This unpredictable sport of racing has a way of turning a normal kid into an American phenom in the blink of an eye.
Sage Karam has gone from being a ranked wrestler for Nazareth High School, to an Indy Lights champion, to now part of the “Podium Club” – as texted by IndyCar veteran Tony Kanaan – after a first career podium in the Verizon IndyCar Series at Iowa Speedway.
“I drive like a rookie, I guess you can say,” he joked.
That first top-three finish didn’t come easy for one of IndyCar’s rising stars. Karam became criticized by oval ace Ed Carpenter on his aggressive style of charging through the field, words that could have gone to his head. Instead, Karam simply brushed it off and took his first podium proudly.
At just 20 years old, Karam has witnessed the ups and downs of open-wheel racing in the United States. Making his IndyCar debut at 2014 – in a little race called the Indy 500 – Sage started in the rear and marched to a brilliant ninth-place result. Since that thrilling debut, Karam has found his stride on oval tracks. He led his first IndyCar laps at Fontana en route to a top-five finish, qualified a career-high third at the Milwaukee Mile, and now has a podium at Iowa.
So you can say Karam’s life has taken a massive revolution in the last 14 months, right? Not so fast.
“I think I got a couple more Twitter followers,” Karam jokingly said. “I wouldn’t say my whole life has actually changed too much.”
Despite the recent success that has brought the young talent to the top of more articles than Xbox Live leaderboards, Karam still wants to be a 20-year-old – an also play some Xbox, too.
“I still like to be a humble kid,” he said. “I still like to be 20 years old. I think, sometimes, that people forget that I am only 20 years old and I like to be just a normal kid. I’ll go home and after I go to the race shop, I’ll go play Xbox the rest of the night or hang out with friends. I still like to do things that a normal 20-year-old kid would do.
“I’m just having fun. The only thing I can say is that I’m doing what I love and I wouldn’t trade that for anything.”
Indeed, Karam has evolved into a strong contender. One advantage Karam has had in store for 2015 is help and advice from the wiliest of veterans. Dario Franchitti and teammates Kanaan and Scott Dixon have been more than essential toward Karam’s success.
“I think the people I’m learning from the most is my teammates, obviously, and Dario Franchitti,” he said. “I look at (Scott) Dixon’s data the most of anybody. I would say we’re probably the most similar out of all the drivers.”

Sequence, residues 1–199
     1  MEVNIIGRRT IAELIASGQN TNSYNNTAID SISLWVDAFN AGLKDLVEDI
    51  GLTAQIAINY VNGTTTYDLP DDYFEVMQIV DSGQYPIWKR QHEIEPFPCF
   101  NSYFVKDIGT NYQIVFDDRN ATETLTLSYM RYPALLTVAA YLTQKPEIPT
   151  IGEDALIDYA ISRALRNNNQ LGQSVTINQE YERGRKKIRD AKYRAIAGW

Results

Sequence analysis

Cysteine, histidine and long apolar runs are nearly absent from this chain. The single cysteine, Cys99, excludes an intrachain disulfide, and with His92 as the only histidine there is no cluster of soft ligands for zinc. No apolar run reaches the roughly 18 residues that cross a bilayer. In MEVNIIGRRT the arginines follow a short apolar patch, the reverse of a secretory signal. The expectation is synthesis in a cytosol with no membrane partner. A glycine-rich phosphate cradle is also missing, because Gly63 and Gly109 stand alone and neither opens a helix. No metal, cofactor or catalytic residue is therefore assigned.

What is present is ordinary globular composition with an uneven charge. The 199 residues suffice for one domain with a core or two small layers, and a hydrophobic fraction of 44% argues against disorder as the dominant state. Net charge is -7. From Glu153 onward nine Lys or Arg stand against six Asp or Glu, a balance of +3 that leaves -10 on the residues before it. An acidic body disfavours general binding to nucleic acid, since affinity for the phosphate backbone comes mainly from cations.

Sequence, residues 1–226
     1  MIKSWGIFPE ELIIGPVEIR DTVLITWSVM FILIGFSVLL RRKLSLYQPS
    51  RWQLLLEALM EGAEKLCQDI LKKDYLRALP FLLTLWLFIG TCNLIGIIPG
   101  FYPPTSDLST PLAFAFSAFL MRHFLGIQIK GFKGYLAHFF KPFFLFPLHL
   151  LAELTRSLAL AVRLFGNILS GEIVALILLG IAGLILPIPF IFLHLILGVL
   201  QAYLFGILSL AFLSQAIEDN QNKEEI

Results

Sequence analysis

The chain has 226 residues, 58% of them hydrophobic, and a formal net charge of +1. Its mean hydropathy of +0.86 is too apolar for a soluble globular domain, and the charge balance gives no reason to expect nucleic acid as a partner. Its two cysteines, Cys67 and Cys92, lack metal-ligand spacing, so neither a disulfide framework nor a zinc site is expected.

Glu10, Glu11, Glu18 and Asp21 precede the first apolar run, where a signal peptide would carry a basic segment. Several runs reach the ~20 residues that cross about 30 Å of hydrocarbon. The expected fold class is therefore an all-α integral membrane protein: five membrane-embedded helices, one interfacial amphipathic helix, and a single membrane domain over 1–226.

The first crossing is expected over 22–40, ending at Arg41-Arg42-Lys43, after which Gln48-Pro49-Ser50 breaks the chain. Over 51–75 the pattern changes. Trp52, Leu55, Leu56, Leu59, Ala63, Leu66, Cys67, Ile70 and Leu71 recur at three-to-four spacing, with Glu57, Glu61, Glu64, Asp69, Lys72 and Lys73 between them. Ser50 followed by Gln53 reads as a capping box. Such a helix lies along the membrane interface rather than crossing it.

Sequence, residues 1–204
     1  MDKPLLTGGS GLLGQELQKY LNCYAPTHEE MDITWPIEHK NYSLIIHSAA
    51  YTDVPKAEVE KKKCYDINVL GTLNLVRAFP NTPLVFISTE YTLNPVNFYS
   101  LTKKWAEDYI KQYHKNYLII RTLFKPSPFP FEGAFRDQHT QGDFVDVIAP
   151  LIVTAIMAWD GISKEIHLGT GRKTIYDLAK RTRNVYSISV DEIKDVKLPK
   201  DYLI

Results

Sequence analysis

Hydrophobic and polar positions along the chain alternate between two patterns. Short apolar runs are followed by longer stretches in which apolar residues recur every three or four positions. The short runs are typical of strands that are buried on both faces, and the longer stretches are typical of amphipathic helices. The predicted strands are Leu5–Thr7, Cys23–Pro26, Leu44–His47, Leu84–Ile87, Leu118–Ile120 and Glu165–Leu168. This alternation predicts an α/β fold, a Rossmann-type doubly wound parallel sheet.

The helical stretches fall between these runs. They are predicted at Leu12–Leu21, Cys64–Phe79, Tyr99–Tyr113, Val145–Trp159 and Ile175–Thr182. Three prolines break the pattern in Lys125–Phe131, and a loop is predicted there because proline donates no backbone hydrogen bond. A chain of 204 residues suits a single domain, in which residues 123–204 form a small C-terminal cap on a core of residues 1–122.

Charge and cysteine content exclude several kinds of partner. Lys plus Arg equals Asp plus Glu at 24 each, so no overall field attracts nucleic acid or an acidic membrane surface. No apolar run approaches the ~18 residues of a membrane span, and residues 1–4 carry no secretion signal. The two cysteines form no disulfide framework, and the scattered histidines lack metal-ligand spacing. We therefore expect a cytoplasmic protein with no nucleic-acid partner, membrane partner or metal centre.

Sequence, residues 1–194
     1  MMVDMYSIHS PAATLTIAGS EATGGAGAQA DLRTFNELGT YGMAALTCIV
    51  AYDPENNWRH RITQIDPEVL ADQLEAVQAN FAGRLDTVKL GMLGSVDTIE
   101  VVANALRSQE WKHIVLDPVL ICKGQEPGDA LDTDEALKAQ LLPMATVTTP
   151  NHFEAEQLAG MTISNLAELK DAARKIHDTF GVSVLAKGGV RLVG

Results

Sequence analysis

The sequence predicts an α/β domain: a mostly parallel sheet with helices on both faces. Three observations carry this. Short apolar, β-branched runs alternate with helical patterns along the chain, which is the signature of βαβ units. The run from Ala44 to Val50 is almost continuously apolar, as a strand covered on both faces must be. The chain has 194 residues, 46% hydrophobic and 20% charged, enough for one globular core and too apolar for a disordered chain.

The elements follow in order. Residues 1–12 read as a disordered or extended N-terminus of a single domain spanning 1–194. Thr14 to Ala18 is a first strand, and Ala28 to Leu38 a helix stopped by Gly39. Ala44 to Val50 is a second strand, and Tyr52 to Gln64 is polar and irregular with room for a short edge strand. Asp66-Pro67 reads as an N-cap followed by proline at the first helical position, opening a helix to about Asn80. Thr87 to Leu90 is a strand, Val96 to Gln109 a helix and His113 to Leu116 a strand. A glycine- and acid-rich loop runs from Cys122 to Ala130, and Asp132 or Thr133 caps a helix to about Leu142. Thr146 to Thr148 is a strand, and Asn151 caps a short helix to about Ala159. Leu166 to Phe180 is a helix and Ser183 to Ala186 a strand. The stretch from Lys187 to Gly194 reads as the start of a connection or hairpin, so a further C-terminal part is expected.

With the advice of a four-time IndyCar champion like Franchitti at Karam’s disposal, there has been lessons learned – one of which was simple yet crucial.
“He (Franchitti) has just really taught me that you got to be so serious,” he said. “I think I came into this year with the thought that it wasn’t going to be as hard as it was actually going to be. I think that’s what led to some early troubles for me. Around Texas and Detroit region, that’s when I had a real attitude change as far as how much I need to take this seriously. He really laid into me.”
One would ask what separates Karam off the track from the most elite of athletes. He’s a smart kid who learns fast. However, with a past in wrestling that still holds importance today, Karam believes the athletic sport – along with little things like the temperature of the rooms during matches – puts him at an advantage against the competition.
“I think wrestling is some of the best training you can do to get in shape,” he said. “When you’re training in a room that’s about 100 degrees, it simulates really well what it’s like inside the car as far as the heat goes. I think that gives me an advantage for sure in a race like (Iowa) where it’s really, really hot and really physical.”
With a thicker racing schedule in 2015, Karam hasn’t been able to wrestle as often as past years. However, the discipline and determination required for the sport has shaped Karam into a better competitor on track.
“When I was wrestling in high school, like last year, I would always go into the season in the best shape of my life,” he said. “Because wrestling season would end in March and race season would start in March. I would always be kind of at a head start on my competitors with physical fitness.
“As much as I can, I try to get on the mat because I know it’s a great advantage for me.”
Karam has proven to be a quick learner. In a series as tight in competition as the Verizon IndyCar Series, it takes a driver that can bounce back from their mistakes, have some thick skin against those who criticize and quickly realize your advantages on and off the racetrack to rise through the ranks.
Karam is well on his way.
About the author
Growing up in Easton, Pa., Zach Catanzareti has grown his auto racing interest from fandom to professional. Joining Frontstretch in 2015, Zach enjoys nothing more than being at the track, having covered his first half-season of 18 races in the Monster Energy NASCAR Cup Series in 2017. With experience behind the wheel, behind the camera and in the media center, he thrives on being an all-around reporter.
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